More information on living trusts

On Behalf of | Aug 26, 2020 | Firm News |

In an earlier blog post, we discussed estate planning, wills, and living trusts. However, those thinking of creating a living trust may still have questions.

First, if one creates a living trust, they will still need to create a will. The type of will recommended is a, “Pourover Will.” Essentially, this is a back-up estate plan that may have not been transferred into the living trust. This will ensure that if anything was inadvertently left out, it will not be disposed of by California law. Instead, it will be handled according to the owner’s wishes. The Pourover Will ensures that these assets are added to the living trust. This will can also be used to set up guardians for children. Remember, death is unplanned, so plan accordingly.

Second, there are tax planning benefits. Living trusts can reduce gift taxes, estate taxes, and income taxes. This can be a huge advantage, but seeking professional help can help answer complicated tax issues.

Third, as explained in the prior post, control is a key benefit. This control extends to not only how one wants their assets distributed, but also how those who receive these assets use them. For those afraid their heirs will “blow it,” a living trust can be a useful tool.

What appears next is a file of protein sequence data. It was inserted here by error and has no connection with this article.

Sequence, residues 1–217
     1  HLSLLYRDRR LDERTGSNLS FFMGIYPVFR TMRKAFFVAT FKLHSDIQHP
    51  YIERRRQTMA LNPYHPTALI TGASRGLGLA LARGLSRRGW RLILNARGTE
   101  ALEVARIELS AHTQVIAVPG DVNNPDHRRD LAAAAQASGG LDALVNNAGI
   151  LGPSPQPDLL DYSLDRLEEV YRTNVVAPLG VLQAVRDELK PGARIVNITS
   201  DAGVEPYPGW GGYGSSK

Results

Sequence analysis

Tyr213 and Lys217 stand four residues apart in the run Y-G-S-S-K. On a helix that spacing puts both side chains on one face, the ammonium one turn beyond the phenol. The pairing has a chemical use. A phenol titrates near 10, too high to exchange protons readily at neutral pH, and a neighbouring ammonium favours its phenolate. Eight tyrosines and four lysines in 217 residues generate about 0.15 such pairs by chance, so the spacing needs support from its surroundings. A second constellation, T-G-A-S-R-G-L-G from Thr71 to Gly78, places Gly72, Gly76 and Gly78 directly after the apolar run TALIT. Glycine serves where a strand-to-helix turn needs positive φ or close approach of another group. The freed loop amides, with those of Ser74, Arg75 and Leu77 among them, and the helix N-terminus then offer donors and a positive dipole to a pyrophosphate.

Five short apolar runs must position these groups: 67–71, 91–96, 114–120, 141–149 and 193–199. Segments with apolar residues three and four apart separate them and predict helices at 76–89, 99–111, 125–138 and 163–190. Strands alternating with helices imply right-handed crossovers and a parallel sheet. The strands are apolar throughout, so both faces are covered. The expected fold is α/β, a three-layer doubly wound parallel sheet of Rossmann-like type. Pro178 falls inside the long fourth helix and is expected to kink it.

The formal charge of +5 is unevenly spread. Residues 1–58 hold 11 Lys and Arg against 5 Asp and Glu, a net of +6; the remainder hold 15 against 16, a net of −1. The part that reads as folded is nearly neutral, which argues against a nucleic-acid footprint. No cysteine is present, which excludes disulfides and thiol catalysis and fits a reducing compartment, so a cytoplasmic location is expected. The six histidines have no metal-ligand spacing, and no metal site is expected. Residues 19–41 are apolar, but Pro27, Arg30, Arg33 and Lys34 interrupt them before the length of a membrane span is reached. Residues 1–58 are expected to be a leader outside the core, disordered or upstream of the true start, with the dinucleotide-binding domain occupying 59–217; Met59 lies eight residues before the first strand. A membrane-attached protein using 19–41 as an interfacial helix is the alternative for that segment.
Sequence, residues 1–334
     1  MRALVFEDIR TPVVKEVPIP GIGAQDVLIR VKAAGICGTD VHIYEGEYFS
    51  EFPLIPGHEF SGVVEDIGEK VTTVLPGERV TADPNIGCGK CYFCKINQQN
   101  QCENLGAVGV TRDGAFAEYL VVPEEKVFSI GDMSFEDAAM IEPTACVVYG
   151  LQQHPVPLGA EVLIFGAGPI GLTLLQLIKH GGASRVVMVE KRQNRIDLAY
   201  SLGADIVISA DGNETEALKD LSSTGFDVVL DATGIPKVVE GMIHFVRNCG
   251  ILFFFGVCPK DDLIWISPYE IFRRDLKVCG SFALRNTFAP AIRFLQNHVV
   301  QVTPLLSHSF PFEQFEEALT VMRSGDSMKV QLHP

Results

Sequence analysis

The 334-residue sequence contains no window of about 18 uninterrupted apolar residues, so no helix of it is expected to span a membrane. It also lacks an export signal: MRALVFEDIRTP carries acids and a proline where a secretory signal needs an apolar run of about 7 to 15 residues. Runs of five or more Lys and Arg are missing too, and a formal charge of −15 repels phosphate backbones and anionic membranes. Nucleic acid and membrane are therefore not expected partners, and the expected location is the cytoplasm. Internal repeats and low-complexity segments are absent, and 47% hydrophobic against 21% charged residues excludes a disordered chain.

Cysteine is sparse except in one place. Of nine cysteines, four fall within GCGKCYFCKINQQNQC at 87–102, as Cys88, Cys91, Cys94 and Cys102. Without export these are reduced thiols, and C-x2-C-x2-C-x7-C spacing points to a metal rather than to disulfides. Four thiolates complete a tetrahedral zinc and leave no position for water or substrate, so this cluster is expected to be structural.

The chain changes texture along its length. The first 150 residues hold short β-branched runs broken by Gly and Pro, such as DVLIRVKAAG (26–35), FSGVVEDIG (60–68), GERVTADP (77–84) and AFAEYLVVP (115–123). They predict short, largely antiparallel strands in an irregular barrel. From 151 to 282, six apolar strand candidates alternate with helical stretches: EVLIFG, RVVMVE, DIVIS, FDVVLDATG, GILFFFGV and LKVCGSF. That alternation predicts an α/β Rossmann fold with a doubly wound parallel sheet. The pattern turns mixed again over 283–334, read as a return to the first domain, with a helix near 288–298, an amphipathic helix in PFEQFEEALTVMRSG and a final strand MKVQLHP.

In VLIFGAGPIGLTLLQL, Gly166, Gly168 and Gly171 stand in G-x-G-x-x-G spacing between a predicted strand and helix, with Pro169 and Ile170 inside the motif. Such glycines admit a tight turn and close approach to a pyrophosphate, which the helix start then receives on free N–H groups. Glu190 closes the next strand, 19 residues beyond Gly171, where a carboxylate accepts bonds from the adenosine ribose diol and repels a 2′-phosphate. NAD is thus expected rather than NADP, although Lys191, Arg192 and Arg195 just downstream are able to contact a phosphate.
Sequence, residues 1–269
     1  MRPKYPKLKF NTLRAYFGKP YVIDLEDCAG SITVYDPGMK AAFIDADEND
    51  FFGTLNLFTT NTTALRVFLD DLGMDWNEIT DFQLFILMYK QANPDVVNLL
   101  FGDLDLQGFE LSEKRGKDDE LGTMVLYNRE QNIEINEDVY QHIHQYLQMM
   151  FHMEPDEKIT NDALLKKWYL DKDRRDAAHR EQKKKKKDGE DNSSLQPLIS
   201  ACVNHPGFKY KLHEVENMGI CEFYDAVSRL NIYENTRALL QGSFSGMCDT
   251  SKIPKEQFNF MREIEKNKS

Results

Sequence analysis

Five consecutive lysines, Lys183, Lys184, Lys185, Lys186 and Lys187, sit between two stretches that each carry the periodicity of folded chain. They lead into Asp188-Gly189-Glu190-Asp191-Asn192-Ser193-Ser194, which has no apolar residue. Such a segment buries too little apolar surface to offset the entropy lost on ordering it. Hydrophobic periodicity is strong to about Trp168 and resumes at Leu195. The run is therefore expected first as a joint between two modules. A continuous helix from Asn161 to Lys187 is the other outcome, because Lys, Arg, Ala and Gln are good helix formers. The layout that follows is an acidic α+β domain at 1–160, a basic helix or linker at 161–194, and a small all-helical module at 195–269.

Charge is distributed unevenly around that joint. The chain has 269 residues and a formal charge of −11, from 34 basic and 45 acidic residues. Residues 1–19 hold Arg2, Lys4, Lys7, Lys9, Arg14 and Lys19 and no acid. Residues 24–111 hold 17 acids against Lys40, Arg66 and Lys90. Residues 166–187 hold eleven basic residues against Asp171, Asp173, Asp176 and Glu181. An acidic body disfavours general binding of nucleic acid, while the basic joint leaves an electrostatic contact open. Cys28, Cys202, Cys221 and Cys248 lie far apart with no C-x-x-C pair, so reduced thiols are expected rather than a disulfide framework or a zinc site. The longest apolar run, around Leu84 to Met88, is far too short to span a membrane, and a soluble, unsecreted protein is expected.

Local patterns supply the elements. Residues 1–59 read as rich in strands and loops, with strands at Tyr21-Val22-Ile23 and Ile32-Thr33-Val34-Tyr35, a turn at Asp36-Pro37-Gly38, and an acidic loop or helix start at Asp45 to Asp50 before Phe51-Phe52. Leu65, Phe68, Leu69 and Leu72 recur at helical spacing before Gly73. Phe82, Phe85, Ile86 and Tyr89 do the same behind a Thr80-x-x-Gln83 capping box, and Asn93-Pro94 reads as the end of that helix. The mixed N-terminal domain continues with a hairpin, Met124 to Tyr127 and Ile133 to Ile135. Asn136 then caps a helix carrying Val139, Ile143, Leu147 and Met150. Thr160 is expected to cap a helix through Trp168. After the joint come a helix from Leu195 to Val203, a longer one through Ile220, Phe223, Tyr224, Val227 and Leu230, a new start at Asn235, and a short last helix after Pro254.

Fourth, privacy is another benefit because trusts are not part of the public record, so the general public has no right to know what is actually in the trust. Of course, once one dies, the heirs have a right to know, but no one else has access to this information.

Finally, as this type of trust is created while one is alive, it is revocable. The creator can change or cancel the trust at any time prior to death or incapacitation.

Nonetheless, living trusts do not necessarily provide protection from creditors. It is possible to set up a living trust that may be protected from creditors, but this is not the default.

Another issue is fraud. There has been a recent uptick in “living trust mill” con artists. These criminals fraudulently sell trusts, and Attorney General, Bill Lockyer, recently warned the public. Of course, an estate planning attorney can help ensure one is not a victim of these types of frauds.

Estate planning is hard, but needed. It can be scary, but with the help of a professional, one can streamline and make the process as painless as possible.